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Tips for Using Trench Boxes Safely Trenches are quite common in many engineering and construction sites. They are meant for laying pipes, phone lines as well as lots of other constructions. While some are deep, others can be very shallow. Based on the soil’s quality, trench walls support themselves for a short time. Steel or aluminum trench boxes support trench walls to make sure it’s safe for work to be done without walls falling on equipment or people. Trench boxes are also known as trench shields, manhole boxes, tap boxes, or sewer boxes. Pre-installation Before excavation starts, the location must go through a comprehensive risk assessment to identify any potential risks, the equipment needed as well as the employees needed. The need for additional access is also looked at.
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Then the trench will have to be looked at. How deep does it need to be? How large does it need to be? Trenches of more than 5 feet require support either from shoring, sloping, or trench box. If the trench is beyond 20 ft deep, its support needs to be done by a registered engineer. How is the trench going to be accessed? Is it through a ramp, steps or ladders? The trench needs to always be safe for access by workers within 25 feet, in emergency cases. The atmosphere within the trench might also require testing for poisonous gases or low levels of oxygen. Trench boxes are designed to allow for simple installation but it’s not safe to stack these boxes over each other.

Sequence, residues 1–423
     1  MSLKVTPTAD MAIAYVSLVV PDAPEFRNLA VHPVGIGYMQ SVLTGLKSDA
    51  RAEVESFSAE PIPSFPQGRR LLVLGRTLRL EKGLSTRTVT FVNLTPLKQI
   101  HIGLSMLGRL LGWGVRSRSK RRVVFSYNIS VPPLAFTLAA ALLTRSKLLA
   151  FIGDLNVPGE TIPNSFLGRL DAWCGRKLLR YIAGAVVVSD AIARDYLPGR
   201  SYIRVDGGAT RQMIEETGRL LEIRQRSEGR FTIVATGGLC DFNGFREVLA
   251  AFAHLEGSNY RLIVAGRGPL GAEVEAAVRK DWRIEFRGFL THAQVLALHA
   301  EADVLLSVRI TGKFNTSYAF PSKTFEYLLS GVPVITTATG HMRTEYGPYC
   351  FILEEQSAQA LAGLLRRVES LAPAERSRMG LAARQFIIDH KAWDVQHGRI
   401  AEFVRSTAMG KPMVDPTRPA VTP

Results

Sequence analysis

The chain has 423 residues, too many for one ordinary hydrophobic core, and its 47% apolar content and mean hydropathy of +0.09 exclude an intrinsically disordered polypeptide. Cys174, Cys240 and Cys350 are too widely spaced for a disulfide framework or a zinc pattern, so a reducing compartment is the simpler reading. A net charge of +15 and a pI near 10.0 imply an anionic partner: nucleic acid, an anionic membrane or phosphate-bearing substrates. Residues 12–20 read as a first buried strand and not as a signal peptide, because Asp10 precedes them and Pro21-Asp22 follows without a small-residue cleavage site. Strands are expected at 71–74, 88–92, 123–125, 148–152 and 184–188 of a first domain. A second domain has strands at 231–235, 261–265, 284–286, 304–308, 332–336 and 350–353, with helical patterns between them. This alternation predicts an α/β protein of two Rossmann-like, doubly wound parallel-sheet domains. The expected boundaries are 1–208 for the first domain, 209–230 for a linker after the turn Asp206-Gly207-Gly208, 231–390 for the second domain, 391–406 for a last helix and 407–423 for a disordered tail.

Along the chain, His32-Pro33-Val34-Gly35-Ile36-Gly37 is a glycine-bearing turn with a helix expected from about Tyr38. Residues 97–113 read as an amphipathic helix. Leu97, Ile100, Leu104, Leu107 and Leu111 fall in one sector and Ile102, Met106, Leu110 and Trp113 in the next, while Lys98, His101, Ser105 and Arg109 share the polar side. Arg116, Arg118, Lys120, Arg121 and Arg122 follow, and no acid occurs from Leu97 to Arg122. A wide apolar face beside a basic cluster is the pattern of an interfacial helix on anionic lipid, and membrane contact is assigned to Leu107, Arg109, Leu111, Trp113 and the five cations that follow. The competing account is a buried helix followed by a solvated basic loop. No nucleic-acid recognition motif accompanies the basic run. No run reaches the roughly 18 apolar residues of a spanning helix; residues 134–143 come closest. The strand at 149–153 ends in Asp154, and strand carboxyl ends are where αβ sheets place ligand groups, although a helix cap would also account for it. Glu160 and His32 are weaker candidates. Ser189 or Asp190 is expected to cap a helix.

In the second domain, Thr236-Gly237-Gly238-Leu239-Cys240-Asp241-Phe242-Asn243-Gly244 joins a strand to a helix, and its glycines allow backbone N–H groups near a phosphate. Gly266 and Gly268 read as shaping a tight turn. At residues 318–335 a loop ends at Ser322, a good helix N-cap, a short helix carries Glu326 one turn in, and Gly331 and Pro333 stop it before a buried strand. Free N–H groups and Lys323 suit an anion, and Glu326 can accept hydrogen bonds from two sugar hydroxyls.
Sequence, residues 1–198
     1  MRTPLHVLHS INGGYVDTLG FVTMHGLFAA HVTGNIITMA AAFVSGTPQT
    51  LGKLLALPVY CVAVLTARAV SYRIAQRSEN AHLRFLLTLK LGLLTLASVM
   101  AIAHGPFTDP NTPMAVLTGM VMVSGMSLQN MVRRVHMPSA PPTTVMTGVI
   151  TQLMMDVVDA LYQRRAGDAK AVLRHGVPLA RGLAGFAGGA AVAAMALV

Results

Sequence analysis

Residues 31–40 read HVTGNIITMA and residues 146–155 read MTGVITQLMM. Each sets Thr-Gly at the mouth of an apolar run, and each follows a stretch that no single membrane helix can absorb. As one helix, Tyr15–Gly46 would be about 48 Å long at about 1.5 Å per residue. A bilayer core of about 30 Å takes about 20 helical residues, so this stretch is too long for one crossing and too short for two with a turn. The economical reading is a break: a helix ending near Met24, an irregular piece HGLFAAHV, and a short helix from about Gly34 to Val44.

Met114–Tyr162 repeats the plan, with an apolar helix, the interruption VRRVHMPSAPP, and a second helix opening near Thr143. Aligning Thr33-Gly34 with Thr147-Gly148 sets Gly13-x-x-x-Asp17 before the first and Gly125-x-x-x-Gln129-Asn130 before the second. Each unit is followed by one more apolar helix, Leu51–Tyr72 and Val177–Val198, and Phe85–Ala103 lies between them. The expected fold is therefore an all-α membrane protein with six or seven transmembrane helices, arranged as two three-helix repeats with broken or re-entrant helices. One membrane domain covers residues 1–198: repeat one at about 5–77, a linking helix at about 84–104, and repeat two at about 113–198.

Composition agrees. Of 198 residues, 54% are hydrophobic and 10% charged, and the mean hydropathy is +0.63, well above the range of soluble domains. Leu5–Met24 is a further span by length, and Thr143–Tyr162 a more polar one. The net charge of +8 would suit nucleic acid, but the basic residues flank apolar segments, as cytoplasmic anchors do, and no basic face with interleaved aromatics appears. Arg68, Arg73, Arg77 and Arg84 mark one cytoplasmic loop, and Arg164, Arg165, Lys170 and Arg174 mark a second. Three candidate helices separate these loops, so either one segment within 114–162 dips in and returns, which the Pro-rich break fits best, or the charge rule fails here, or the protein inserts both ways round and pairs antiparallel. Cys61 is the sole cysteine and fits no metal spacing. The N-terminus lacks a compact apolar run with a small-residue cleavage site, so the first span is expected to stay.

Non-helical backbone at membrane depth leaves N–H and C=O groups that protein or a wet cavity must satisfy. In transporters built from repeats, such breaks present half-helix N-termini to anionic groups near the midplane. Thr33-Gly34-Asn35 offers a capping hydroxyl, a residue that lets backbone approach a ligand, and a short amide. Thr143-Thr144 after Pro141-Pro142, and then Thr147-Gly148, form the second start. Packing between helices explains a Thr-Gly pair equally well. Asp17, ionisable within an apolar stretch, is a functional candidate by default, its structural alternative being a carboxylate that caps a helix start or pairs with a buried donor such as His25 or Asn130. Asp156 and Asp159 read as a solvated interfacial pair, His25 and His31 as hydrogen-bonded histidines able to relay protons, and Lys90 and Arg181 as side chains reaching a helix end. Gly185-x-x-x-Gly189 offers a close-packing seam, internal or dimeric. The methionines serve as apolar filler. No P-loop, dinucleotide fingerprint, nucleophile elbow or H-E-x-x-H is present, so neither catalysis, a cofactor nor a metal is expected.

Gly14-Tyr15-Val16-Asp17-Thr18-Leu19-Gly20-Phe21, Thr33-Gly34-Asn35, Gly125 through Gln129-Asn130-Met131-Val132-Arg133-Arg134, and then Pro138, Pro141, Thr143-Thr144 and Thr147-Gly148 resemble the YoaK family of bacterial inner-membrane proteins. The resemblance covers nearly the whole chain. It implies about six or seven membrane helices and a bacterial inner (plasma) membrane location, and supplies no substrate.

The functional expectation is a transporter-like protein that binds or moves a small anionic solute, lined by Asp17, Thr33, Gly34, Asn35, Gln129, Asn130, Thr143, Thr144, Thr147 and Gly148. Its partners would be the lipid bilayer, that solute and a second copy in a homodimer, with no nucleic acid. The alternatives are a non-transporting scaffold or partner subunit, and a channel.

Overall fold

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Tending to the trench Check for any signs of movement or damage by inspecting the trench box/trench support daily. All workers on the site need to wear their own protective gear, hard hat, steel-toed boots, high visibility clothing and so on. Ensure that all heavy tools as well as equipment are kept far from the trench’s edge. Excavation It’s probably harder to extract a manhole box than install it due to the earth’s movement around the trench. It’s recommended that a chain sling be used for extraction, using any of these 3 methods. Straight pull–a sling is just attached to the two lifting or extraction points and lifted out. Half pull–this is simply attaching a sling to one side of a manhole box, lifting it as much as possible, then switching the sling to the opposite side and repeating the action till the sewer box is removed. Single pull–this involves attaching a single chain sling leg to an extraction/lifting point and raising the panel corners in turns; once the manhole box moves easily, it’s taken out with the straight pull. To sum up, trenches do save lives. It’s legally required that they be used and they have to be planned for. Provided they’re well maintained and used, they do make work so much safer and easier.